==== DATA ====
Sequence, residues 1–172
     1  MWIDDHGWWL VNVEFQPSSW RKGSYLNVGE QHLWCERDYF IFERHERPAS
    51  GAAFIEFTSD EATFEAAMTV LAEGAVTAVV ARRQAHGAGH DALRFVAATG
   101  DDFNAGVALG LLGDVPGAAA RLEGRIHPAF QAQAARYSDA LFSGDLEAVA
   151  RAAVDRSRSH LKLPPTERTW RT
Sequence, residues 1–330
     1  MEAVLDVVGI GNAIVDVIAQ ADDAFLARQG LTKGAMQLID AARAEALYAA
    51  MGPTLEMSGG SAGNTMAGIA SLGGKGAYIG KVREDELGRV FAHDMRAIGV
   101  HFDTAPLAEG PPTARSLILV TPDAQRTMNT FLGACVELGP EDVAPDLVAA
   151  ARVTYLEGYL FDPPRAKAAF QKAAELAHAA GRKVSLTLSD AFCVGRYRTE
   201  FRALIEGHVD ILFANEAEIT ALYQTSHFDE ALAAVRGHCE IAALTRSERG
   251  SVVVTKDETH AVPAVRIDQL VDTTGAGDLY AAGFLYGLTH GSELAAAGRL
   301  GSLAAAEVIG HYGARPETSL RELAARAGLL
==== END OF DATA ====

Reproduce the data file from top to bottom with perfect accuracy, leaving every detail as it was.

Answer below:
Sequence, residues 1–172
     1  MWIDDHGWWL VNVEFQPSSW RKGSYLNVGE QHLWCERDYF IFERHERPAS
    51  GAAFIEFTSD EATFEAAMTV LAEGAVTAVV ARRQAHGAGH DALRFVAATG
   101  DDFNAGVALG LLGDVPGAAA RLEGRIHPAF QAQAARYSDA LFSGDLEAVA
   151  RAAVDRSRSH LKLPPTERTW RT
Sequence, residues 1–330
     1  MEAVLDVVGI GNAIVDVIAQ ADDAFLARQG LTKGAMQLID AARAEALYAA
    51  MGPTLEMSGG SAGNTMAGIA SLGGKGAYIG KVREDELGRV FAHDMRAIGV
   101  HFDTAPLAEG PPTARSLILV TPDAQRTMNT FLGACVELGP EDVAPDLVAA
   151  ARVTYLEGYL FDPPRAKAAF QKAAELAHAA GRKVSLTLSD AFCVGRYRTE
   201  FRALIEGHVD ILFANEAEIT ALYQTSHFDE ALAAVRGHCE IAALTRSERG
   251  SVVVTKDETH AVPAVRIDQL VDTTGAGDLY AAGFLYGLTH GSELAAAGRL
   301  GSLAAAEVIG HYGARPETSL RELAARAGLL